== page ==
Market decisions are often driven by fear and greed, especially for the novice trader. When your money is on the line, it’s natural to feel fearful when the market goes against you. Anything you can do to prevent your initial worries from escalating into debilitating fright will help you stay objective and rational. Just as a tightrope walker feels a sense of security by using a safety net, you should take specific steps to protect your financial assets. The two best ways to protect your financial interests are with a detailed trading plan and risk controls.
When it comes to risk control, a few old adages seem particularly appropriate: “Trade with money you can afford to lose. Trade positions that are so small that you may think, ‘What’s the point of even putting on the trade.'” The basic message is that if you can somehow minimize the personal significance of a trade, you will be better able to control your emotions. Since you have a less psychological stake on the line, you have almost nothing to lose. You may not need to follow these old adages verbatim, but you can follow the basic message.
Make sure that you limit your risk as much as possible. If you lose big on a single trade, it will take many more trades to build your capital back up to the previous level. It’s vital for survival to limit the amount of capital you risk on a single trade. It’s also essential to learn to cut your losses short. Don’t get stuck in a losing trade. Don’t hope that it will turn around; just sell the loser quickly. Controlling risk will not only make you feel safe and secure, but it will also ensure your longevity as well.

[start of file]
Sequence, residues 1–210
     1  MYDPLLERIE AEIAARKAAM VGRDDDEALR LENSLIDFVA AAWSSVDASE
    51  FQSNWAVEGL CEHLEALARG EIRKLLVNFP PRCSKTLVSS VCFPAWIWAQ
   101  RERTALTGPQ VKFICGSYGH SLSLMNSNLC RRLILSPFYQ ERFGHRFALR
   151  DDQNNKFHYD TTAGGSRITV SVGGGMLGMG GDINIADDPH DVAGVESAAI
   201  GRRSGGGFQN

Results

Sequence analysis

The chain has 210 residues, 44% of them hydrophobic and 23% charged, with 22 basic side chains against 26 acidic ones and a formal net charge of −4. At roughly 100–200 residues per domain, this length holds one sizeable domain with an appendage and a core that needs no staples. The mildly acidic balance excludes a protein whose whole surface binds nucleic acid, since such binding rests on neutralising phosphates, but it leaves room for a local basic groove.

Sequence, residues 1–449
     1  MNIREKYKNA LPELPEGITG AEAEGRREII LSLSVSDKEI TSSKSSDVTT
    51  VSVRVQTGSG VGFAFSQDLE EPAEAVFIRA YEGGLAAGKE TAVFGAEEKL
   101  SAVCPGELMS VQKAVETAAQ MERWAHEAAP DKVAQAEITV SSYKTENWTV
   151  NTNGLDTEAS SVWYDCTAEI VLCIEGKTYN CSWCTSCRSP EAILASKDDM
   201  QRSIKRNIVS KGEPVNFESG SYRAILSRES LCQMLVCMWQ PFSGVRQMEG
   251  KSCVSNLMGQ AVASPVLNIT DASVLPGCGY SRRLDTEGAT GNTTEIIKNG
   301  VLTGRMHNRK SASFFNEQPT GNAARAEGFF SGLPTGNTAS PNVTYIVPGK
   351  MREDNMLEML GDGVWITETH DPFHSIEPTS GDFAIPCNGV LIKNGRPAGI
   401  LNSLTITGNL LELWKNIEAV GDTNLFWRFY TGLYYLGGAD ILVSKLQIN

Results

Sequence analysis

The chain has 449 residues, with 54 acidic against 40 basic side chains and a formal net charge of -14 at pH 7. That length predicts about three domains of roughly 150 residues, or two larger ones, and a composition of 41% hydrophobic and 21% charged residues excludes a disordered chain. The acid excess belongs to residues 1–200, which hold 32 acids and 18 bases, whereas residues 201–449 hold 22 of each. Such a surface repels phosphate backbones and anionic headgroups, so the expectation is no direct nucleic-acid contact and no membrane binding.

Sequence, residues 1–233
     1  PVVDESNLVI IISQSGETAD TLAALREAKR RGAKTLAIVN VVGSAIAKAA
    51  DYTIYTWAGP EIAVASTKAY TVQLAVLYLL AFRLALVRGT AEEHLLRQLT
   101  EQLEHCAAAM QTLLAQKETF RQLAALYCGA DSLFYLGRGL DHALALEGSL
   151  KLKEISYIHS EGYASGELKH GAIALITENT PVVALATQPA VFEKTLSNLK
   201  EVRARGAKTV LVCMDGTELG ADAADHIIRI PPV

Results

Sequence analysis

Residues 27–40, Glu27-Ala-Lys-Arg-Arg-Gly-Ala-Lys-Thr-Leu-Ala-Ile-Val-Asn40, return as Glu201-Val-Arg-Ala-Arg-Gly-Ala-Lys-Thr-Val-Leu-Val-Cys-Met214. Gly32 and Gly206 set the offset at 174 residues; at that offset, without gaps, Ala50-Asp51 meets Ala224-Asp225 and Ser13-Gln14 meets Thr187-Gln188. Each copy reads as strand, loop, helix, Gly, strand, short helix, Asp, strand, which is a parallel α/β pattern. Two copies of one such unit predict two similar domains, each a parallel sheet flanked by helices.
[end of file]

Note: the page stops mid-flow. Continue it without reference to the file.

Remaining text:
It’s also important to have a detailed trading plan. Before you execute a trade, specify precisely how and when you will enter, the signals that indicate the market may be going against your trade, and how and when you will exit. Many novice traders don’t carefully plan their trades. They impulsively execute a trade and then think they can develop the plan as they go along.
What usually happens is that they panic easily because they don’t know what to do and when to do it. It’s hard to think on your feet, especially when you are first learning to trade. One needs a safety net, and that safety net is a detailed trading plan to follow. The more clearly the plan is laid out, the easier it is to follow. And when the plan is easy to follow, it’s likely that you’ll stick with it. You’ll be disciplined and in control of your emotions and thought processes.
There’s no need to be a daredevil. Don’t be ashamed to use a safety net while trading. Control your risk and follow a detailed trading plan. If you follow these guidelines, you’ll achieve the long-term profitability you deserve.